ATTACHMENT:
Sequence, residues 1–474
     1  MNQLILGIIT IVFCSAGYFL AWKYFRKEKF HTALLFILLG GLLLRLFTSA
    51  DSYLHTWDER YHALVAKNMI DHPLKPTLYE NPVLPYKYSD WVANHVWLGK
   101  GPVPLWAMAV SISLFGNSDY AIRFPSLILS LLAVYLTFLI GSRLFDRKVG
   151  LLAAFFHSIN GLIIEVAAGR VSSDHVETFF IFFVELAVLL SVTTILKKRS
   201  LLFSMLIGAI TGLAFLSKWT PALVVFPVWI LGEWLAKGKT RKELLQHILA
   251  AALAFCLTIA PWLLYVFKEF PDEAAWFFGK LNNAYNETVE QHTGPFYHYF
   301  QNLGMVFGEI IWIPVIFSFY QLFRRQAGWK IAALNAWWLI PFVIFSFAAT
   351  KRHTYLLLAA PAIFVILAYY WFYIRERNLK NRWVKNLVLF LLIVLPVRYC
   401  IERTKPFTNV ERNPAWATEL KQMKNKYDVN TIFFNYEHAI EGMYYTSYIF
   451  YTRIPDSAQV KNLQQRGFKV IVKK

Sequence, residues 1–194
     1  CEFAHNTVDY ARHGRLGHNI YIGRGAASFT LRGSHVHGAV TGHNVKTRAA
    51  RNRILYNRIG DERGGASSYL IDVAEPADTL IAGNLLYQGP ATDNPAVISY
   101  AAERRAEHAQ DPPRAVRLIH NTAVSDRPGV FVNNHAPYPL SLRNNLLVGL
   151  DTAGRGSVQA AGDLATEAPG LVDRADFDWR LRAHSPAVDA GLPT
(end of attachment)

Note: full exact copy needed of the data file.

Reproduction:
Sequence, residues 1–474
     1  MNQLILGIIT IVFCSAGYFL AWKYFRKEKF HTALLFILLG GLLLRLFTSA
    51  DSYLHTWDER YHALVAKNMI DHPLKPTLYE NPVLPYKYSD WVANHVWLGK
   101  GPVPLWAMAV SISLFGNSDY AIRFPSLILS LLAVYLTFLI GSRLFDRKVG
   151  LLAAFFHSIN GLIIEVAAGR VSSDHVETFF IFFVELAVLL SVTTILKKRS
   201  LLFSMLIGAI TGLAFLSKWT PALVVFPVWI LGEWLAKGKT RKELLQHILA
   251  AALAFCLTIA PWLLYVFKEF PDEAAWFFGK LNNAYNETVE QHTGPFYHYF
   301  QNLGMVFGEI IWIPVIFSFY QLFRRQAGWK IAALNAWWLI PFVIFSFAAT
   351  KRHTYLLLAA PAIFVILAYY WFYIRERNLK NRWVKNLVLF LLIVLPVRYC
   401  IERTKPFTNV ERNPAWATEL KQMKNKYDVN TIFFNYEHAI EGMYYTSYIF
   451  YTRIPDSAQV KNLQQRGFKV IVKK

Sequence, residues 1–194
     1  CEFAHNTVDY ARHGRLGHNI YIGRGAASFT LRGSHVHGAV TGHNVKTRAA
    51  RNRILYNRIG DERGGASSYL IDVAEPADTL IAGNLLYQGP ATDNPAVISY
   101  AAERRAEHAQ DPPRAVRLIH NTAVSDRPGV FVNNHAPYPL SLRNNLLVGL
   151  DTAGRGSVQA AGDLATEAPG LVDRADFDWR LRAHSPAVDA GLPT